A study published in the journal Brain found that women who are exposed to greater amounts of air pollution have a higher risk of Alzheimer’s disease.
More specifically, the researchers looked at exposure to fine particulate matter (PM) <2.5 ?m (PM2.5). This refers to atmospheric PM that has a diameter of less than 2.5 micrometers, which is about 3 percent of the diameter of a human hair.
PM2.5 comes from a variety of sources, including power plants, motor vehicles, airplanes, residential wood burning, forest fires, agricultural burning, volcanic eruptions, and dust storms.
They’re more dangerous than larger particles because they remain airborne for longer, and because they bypass the nose and throat and penetrate more deeply into the lungs.
In addition to increasing the risk of Alzheimer’s disease, a large body of evidence has shown that long-term exposure to PM2.5 is associated with:
- Cardiovascular disease
- Lung disease
- Birth defects
- And more …
If you’re in the United States, you can use AirNow to check levels of PM2.5 (and other measures of air quality) in your area. Note that these levels will fluctuate throughout the year, depending on conditions.
For example, after the fires in California this year, many cities were experiencing air quality that was worse than virtually any other place in the world—in part due to higher PM2.5 levels.
If you live in a place that routinely has PM2.5 levels above the safe upper limit, consider investing in an air filter. Make sure it’s one that can filter fine particles like PM2.5.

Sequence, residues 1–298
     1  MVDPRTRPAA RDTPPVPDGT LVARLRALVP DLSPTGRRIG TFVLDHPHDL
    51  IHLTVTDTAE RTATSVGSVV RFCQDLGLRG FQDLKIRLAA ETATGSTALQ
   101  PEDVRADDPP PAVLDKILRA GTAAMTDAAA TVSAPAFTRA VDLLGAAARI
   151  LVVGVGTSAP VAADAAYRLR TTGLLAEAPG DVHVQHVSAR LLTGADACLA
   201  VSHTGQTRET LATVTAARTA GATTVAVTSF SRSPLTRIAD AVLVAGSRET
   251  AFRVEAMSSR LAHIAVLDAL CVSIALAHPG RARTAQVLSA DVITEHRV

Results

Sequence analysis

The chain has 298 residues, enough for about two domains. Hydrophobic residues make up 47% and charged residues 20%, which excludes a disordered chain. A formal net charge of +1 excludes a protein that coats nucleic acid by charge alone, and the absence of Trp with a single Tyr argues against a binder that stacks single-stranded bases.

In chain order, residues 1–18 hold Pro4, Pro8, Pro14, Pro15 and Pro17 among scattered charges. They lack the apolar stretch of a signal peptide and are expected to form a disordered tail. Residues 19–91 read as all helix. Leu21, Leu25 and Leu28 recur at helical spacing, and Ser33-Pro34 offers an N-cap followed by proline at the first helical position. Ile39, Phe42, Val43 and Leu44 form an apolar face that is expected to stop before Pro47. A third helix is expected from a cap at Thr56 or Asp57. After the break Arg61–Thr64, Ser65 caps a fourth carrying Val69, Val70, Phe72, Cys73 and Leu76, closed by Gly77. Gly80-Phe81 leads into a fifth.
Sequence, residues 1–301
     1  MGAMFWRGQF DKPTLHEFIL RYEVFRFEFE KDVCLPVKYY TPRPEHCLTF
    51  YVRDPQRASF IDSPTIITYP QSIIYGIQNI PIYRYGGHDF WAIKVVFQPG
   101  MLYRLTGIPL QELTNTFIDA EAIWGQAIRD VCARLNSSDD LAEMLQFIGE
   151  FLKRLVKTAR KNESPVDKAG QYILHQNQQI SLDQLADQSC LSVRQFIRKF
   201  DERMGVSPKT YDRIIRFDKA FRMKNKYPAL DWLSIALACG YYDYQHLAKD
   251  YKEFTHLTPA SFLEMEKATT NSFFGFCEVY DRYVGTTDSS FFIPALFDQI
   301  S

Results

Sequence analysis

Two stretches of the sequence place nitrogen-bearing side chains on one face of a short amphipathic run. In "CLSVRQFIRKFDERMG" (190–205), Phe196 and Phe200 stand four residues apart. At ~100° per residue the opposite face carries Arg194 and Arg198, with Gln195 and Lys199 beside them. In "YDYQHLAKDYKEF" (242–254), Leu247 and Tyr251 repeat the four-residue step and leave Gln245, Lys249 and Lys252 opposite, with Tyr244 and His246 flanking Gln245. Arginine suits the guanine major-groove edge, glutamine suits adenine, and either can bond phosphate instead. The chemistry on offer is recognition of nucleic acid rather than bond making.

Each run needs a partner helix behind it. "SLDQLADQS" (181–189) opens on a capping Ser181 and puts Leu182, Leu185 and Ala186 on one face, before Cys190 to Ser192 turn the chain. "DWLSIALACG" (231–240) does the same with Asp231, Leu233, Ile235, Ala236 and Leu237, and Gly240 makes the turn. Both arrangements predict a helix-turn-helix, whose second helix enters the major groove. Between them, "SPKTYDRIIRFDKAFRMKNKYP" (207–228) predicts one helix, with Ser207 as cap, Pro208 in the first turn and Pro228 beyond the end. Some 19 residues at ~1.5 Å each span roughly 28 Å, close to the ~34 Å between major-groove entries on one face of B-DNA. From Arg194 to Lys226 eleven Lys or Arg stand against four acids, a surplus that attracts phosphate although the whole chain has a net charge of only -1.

There are many options on the market. The ones I typically recommend to my patients are:
- IQAir HealthPro Plus
We talk a lot about the importance of nutrition, sleep, stress management, and physical activity for health.
And those things are important.
But as this study shows, many other factors—some of which are not always in our direct control—also influence health.
These are the “social determinants of health,” the conditions in which we are born, grow, live, work, and age. They include factors like socioeconomic status, education, neighborhood and physical environment, employment, and social support networks.
The social determinants of health suggest that health is not simply an individual choice. It has a systemic basis.
Someone who is born in an urban neighborhood with poor air quality, limited access to food, high exposure to violence and stress, and low social support does not have the same chance of being healthy as someone who is born in an affluent neighborhood with clean air, safe streets, and a strong social support network.
As individuals, it’s important to focus on the things that are within our control that lead to better health.
And as a society, we need to continue to address the larger issues that impact health on a wider scale, like air and water quality, access to fresh food, access to true healthcare (rather than disease management), and more.